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Posted at 12:30 PM ET, 12/29/2008

Top Ten Weather Events of 2008: 1-5

By Capital Weather Gang

* Top 10 Weather Events of 2008: 6-10 | D.C. Area Full Forecast *

By Robert Henson

Earlier, we posted choices 6-10 in the top 10 weather events in 2008. Now, we give you the top five. Such lists are always judgment calls, so please weigh in with your own suggestions and vote in our poll at the end of the list.


25 minute radar loop as Ike officially makes landfall in Galveston at 2:10 a.m. CDT on September 13. Image courtesy Weather Underground.

1. Hurricane Ike (Texas/Louisiana, September). One of the wildest and weirdest hurricanes in recent years, Ike started its career with a bang in the open Atlantic. It intensified from tropical storm to Category 3 status in less than nine hours on 3 September. A few days later, Ike crossed the Caribbean and waltzed across extreme western Cuba as a Cat 3. But Ike's peak winds never regained major-hurricane force. Instead, the system simply got bigger, eventually packing some of the largest radii of hurricane-force winds (125 miles) and tropical-storm force winds (275 miles) ever measured. This posed a major public communication challenge, as the vast swath of wind was expected to stir up a storm surge in the Galveston area far worse than people might presume from the storm's Category 2 rating.

Keep reading for more on Ike and choices 2-5.

The worst of Ike's surge struck less-populated areas just east of Galveston Island on the night of 12-13 September, but the overall damage was still tremendous: more than $30 billion (in inflation-adjusted dollars, that's the third costliest U.S. hurricane on record). Much of Galveston and nearby coastal towns were left in shambles, and storm-surge damage extended well east into Louisiana. Ike resulted in 82 U.S. deaths--among the highest tolls in recent decades--and more than 200 people remain missing in the hurricane's aftermath. The Boston Globe posted an incredible Ike photo gallery.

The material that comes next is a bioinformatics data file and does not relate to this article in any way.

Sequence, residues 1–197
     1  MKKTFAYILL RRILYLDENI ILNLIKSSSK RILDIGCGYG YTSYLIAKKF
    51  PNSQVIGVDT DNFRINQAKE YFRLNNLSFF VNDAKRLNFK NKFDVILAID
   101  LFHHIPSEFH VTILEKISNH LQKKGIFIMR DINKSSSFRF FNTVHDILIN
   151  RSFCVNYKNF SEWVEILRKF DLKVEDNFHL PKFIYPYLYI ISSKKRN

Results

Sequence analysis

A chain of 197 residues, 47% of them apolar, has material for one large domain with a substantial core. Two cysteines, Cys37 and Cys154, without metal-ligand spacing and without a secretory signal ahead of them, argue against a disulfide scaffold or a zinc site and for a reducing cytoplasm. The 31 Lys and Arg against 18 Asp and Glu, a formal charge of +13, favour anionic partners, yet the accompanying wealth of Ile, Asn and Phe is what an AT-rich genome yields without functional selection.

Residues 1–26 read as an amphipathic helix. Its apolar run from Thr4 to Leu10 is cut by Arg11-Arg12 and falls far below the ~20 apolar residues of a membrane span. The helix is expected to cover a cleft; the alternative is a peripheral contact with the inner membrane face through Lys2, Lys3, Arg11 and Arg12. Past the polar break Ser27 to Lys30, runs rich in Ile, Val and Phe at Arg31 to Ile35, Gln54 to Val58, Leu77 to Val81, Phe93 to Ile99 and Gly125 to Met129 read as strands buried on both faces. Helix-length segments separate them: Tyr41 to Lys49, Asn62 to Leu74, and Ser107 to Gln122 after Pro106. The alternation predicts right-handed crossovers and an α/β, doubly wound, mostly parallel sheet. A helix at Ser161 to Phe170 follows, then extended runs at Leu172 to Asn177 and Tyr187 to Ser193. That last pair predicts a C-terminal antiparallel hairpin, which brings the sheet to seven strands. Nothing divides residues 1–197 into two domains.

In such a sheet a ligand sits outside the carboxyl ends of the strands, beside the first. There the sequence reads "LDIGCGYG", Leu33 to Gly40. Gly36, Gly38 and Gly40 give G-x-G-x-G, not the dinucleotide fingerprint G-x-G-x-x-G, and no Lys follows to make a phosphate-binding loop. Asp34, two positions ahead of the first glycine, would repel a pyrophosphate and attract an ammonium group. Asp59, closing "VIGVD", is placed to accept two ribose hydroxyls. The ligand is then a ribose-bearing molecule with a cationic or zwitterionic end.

2. Midwest rains and flooding (Iowa and surrounding states, June). Although El Niño often gets the rap for U.S. flooding, it was a relentless storm track powered by La Niña that focused heavy winter snows and spring rains across a belt roughly from Kansas to Michigan. It all culminated with two weeks of incredible rains centered in two bands, one from central Iowa to southern Wisconsin and another running from eastern Illinois to southern Indiana. Some spots notched more than 14" between June 1 and 15, and a total of 15 stations had their wettest single days on record, gauging anywhere from 4.5" to 9.5" of rain. The resulting floods managed to topple a few of the marks set in the epic 1993 Mississippi flood. The most jaw-dropping imagery came from Cedar Rapids, Iowa, where floodwaters spread to an almost-incomprehensible extent. More than 42,000 people were evacuated and some 400 city blocks were inundated as the Cedar River rose nearly twelve feet above its previous record crest.

3. Hurricane Gustav (Louisiana, September). It threatened to pummel New Orleans with the same or greater ferocity than Katrina did in 2005, but in the end, Gustav--as with many sequels--failed to deliver the punch of the original. Except for a sharp southwest jog in the northern Caribbean, Gustav followed a remarkably straight northwesterly path toward the Louisiana coast. Fears of a Katrina repeat were stoked when Gustav quickly reached Category 4 strength while approaching western Cuba, and people left the Louisiana coastline in droves--the state's largest evacuation in history. But the hurricane never quite recovered from its brief passage over Cuba, and it plowed into the coast at borderline Cat. 2/3 strength near Grand Isle, just far enough west to stave off another New Orleans disaster. Nevertheless, Gustav left an impressive swath of damage well inland, with countless trees and power lines knocked down across Louisiana. In all, 43 U.S. deaths were recorded, along with nearly 100 others in the Caribbean.